Actions in Table Views

Sometimes table views could use a few buttons. There’s two delegates which create swipe buttons on table view cells. Let’s learn how you can implement these buttons and an interesting hidden feature you can do with them. 

There is two delegate methods, one for the leading swipe configuration and one for the trailing Swipe configuration. They work identically, so I’ll start with the trailing one. 

In the TableViewController.swift code, under the titleForHeaderInsection delegate method,  add the following which you can find in the auto complete: 

override func tableView(_ tableView: UITableView, trailingSwipeActionsConfigurationForRowAt indexPath: IndexPath) -> UISwipeActionsConfiguration? {
}

}

This method returns  a UISwipeActionsConfiguration, and I’ll add the returned object to my code: 

return UISwipeActionsConfiguration(actions: [greenAction,blueAction])

You’ll see the initializer takes an array of actions of type UIContextualAction. That’s the core of this method.  It sets the title on the cell for your action and handles the code when tapped. I’ll add an action called greenAction

let greenAction = UIContextualAction(style: .normal, title: "Green") { (action, view, actionPerformed) in
         
        }

You’ve got normal and destructive styles for the buttons since you can place code to delete the cell here. I’m just going to leave it .normal then set the title to Green and then add the handler.  

The handler has three parameters: the action itself if you want to change the action, the view in which the action is displayed, and a bool indicating if the action was performed or not.

I made a method for use within the action to change the cell:

//A simple example of what you can do in the cell
    func setCell(color:UIColor, at indexPath: IndexPath){
        
        // I can change external things
        self.view.backgroundColor = color
        // Or more likely change something related to this cell specifically.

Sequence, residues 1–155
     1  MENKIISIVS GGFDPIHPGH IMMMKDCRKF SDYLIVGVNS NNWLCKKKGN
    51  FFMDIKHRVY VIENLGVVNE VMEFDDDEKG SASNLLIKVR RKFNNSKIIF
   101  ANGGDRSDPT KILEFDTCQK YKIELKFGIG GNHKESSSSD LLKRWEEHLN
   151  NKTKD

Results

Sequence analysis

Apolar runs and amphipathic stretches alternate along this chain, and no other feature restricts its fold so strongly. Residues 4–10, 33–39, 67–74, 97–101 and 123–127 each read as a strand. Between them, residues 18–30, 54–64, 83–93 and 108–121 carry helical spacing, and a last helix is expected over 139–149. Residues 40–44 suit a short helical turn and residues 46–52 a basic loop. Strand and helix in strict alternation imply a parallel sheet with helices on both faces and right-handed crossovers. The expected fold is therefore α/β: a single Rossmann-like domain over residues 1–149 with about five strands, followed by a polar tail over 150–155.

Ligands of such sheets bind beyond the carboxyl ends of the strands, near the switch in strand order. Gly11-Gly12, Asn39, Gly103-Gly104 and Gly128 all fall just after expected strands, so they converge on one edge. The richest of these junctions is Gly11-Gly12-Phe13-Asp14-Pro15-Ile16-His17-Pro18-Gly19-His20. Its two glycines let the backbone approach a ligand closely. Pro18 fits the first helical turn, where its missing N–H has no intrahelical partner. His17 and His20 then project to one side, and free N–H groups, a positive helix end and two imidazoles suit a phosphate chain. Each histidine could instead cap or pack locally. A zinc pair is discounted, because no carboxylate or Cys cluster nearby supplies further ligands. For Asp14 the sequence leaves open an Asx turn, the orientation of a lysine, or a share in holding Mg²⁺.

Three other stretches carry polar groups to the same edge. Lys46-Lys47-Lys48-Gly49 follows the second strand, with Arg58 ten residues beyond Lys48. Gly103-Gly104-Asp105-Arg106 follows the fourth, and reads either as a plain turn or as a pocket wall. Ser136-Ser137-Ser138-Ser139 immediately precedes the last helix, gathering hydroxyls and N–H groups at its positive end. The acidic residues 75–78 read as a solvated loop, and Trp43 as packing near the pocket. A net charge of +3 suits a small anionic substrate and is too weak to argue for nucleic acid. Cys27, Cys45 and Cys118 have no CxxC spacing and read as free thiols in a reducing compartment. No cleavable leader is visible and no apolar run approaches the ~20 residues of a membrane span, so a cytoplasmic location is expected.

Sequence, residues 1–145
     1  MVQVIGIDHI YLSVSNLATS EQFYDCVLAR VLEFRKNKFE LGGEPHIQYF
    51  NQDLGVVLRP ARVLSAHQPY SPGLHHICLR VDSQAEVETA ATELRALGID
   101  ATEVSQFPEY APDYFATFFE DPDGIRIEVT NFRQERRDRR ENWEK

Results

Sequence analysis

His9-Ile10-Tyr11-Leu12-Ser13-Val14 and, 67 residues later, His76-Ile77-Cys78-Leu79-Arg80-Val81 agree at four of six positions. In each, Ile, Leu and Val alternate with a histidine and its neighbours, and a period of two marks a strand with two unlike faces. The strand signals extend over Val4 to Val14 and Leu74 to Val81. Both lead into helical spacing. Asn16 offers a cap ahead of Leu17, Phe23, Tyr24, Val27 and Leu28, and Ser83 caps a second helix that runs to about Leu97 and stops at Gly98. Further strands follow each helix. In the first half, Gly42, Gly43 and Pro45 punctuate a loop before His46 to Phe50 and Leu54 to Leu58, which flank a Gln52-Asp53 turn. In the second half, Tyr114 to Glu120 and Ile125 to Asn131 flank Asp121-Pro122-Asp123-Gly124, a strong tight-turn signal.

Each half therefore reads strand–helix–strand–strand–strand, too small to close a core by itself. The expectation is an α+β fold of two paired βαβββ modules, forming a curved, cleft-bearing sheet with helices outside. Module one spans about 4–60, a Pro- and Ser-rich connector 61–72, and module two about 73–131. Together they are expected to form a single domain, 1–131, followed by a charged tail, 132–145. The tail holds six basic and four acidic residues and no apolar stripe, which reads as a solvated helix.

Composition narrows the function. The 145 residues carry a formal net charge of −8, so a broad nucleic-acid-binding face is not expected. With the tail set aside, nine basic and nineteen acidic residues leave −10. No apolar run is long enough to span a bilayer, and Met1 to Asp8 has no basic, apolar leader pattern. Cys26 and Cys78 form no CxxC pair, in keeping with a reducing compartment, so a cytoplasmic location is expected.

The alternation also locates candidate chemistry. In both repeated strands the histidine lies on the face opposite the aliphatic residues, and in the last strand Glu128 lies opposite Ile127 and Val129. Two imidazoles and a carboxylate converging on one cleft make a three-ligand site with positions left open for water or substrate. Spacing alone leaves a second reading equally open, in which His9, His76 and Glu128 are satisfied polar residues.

let cell = tableView.cellForRow(at: indexPath )
        cell?.backgroundColor = color
    }

Inside the closure for the action,  I’ll add the setCell method to change the background and cell color. 

let greenAction = UIContextualAction(style: .normal, title: "Green") { (action, view, actionPerformed) in
            self.setCell(color: .green, at: indexPath)
        }

I can change properties of the action as well, including its title and background color. I’ll change the background color to green. 

greenAction.backgroundColor = .green

I’ll copy then paste all this. to make another button, changing all the greens to blues. 

 let blueAction = UIContextualAction(style: .normal, title: "Blue") { (action, view, actionPerformed) in
            self.setCell(color: .blue, at: indexPath)
        }
        blueAction.backgroundColor = .blue

I can take both these actions and place them in the actions array of UISwipeActionsConfiguration

return UISwipeActionsConfiguration(actions: [greenAction,blueAction])

Since the leading version is identical to the trailing version, I’ll copy all of this then  paste it below the first. Change trailing to leading.

override func tableView(_ tableView: UITableView, leadingSwipeActionsConfigurationForRowAt indexPath: IndexPath) -> UISwipeActionsConfiguration? {
        let greenAction = UIContextualAction(style: .normal, title: "Green") { (action, view, actionPerformed) in
            self.setCell(color: .green, at: indexPath)
        }
        greenAction.backgroundColor = .green
        
        let blueAction = UIContextualAction(style: .normal, title: "Blue") { (action, view, actionPerformed) in
            self.setCell(color: .blue, at: indexPath)
        }
        blueAction.backgroundColor = .blue
        
        return UISwipeActionsConfiguration(actions: [greenAction,blueAction])
    }

Build and run using an iPhone XR simulator. If you swipe a cell slowly about 1/4 to 1/2 across right to left, you’ll get the blue and the green trailing button. 

If you swipe gently on another row left to right, you get the green and blue button. 

The first button is the one closest to the leading or trailing edge. Click the green button and the background turns green,  tap the blue button and the background turns blue.